Tuesday, November 10, 2015

Create > “Wouldn’t it be a strange world if…”

Goal Concept:

Understand and be able to cultivate creativity strategies and improve time management.

Access Prior Knowledge:

“The world of reality has its limits; the world of imagination is boundless.  Not being able to enlarge the one, let us contract the other.”  ~ Jean Jacques Rousseau > http://goo.gl/xuuca

Instructional Strategy
  • Identify similarities and differences
Learning Activity
Notes

Instructional Strategy
  • Deepen Understanding
Learning Activity

New Information:

Art Ideas - Art Problems
For designers, the problem-solving process begins when a client requests help or the designer identifies a need.  Fine artists generally invent their own aesthetic problems.  Ideas often arise from personal experience within a cultural context.  Combining awareness with empathy for others, many artists have transformed a specific event into a universal statement.  For example, Picasso’s Guernica > http://goo.gl/cTYIL  or Street artists JR > http://goo.gl/jF4KpZ

Sources of Ideas
Regardless of the initial motivation for their work, artists constantly scan their surroundings searching for visuals and ideas.  Often the most improbable object or idea may provide inspiration.  

Transform a Common Object
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Frank Gehry based his armchair on the wood-strip bushel basket.  If you consider all the ideas that can be generated by a set of car keys, a pair of scissors, or a compass, you will have more than enough to get a project started.    

Study Nature
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Ray Rogers is inspired by nature.  His spherical pots suggest the colors, textures, and economy of nature.  Through inventive use of materials you can reinterpret nature.  

Visit Museums
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Make an effort to visit all kinds of museums and galleries.  Carefully observed, the history and physical objects produced by any culture can be both instructive and inspirational.  Unfamiliar concepts and compositions can suggest new ideas and fresh approaches.  

Be Authentic
Regardless of the source, every person approaches each problem on his or her own terms.  Each of us has a unique perspective, and the connections we make will vary.  As a student, you will learn more when you really embrace each assignment and make it your own.  Ask questions, so that you can understand the conceptual substance of each assignment.  When you re-frame the assignment in your own terms and plunge into the work wholeheartedly, the creative possibilities will expand and your imagination with soar.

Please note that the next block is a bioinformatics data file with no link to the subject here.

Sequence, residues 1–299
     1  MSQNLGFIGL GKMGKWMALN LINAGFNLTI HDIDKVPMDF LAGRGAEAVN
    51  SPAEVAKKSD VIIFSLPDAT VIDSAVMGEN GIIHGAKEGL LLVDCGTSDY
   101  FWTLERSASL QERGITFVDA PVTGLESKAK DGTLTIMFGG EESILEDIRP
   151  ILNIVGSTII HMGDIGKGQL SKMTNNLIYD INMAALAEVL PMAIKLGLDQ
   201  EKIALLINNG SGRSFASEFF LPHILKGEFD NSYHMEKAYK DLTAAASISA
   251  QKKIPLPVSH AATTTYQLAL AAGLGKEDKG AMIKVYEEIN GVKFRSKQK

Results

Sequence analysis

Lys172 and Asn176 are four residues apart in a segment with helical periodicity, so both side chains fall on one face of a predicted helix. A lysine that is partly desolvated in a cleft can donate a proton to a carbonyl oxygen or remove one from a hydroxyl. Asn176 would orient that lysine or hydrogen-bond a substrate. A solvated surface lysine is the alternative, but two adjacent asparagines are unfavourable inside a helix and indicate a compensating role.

The Design Process:
When confronted with a problem or the beginning of a project, the artist asks
  1. What is needed?
  2. What existing designs are similar to the design we need?
  3. What is the difference between the existing designs and the new design?
  4. How can we transform, combine, or expand these existing designs?

Convergent Thinking
The problem-solving pursuit of a predetermined goal (remember the world prose)
  1. Define the problem
  2. Do research
  3. Determine your objective
  4. Devise a strategy
  5. Execute the strategy
  6. Evaluate the results

Learn More:
Read > Developing Ideas for Art > http://goo.gl/2jbp1Q

Art References:

Apply Knowledge and Skills:

Create >  “Wouldn’t it be a strange world if…”
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Goal:
Create art that mobilizes fantasy by arresting or reversing ‘laws of nature.’

Make up a list of 10 impossible situations based on your reactions to “Wouldn’t it be a strange world if…”  Make a drawing, cartoon, collage, sculpture or painting that depicts one of your ideas.  
Check these assignments:
Surreal Interior > http://goo.gl/a3hSa3
Surreal Landscape > http://goo.gl/JheJhc     

Trigger Mechanisms: fantasize, invent, laugh

Visual Examples:

Materials: Paper, pencil, oil pastels, acrylics

Generalize, Reflect & Publish:
Instructional Strategy
  • Evaluate the results
Learning Activity
Reflect > Should I go back and rework anything?
  • How did you combine art elements (line, color, shape, texture, value)  to develop art principles? (Unity/variety, balance, emphasis contrast, rhythm, proportion/scale, figure/ground relationship)
  • Where are the dominant shapes, forms, colors, or textures that carry expressive significance?
  • Why Is the work ordered and balanced or chaotic and disturbing?
  • What gives the work its uniqueness?
  • Is symbolism used in the work to convey meaning other than what one sees?
  • Does the work evoke any feelings?

Instructional Strategy
  • Providing Recognition
Learning Activity
Publish > Share your album to our G+Community > Concepts & Creations category
Display > Add your photos to the Event

Instructional Strategy
  • Providing Feedback
Learning Activity
Critique >
  • Give positive feedback > +1 every image that deserves it
  • Give peer feedback > Give 2 peer images a VTS critique > http://goo.gl/1WWmBY
Self-assess >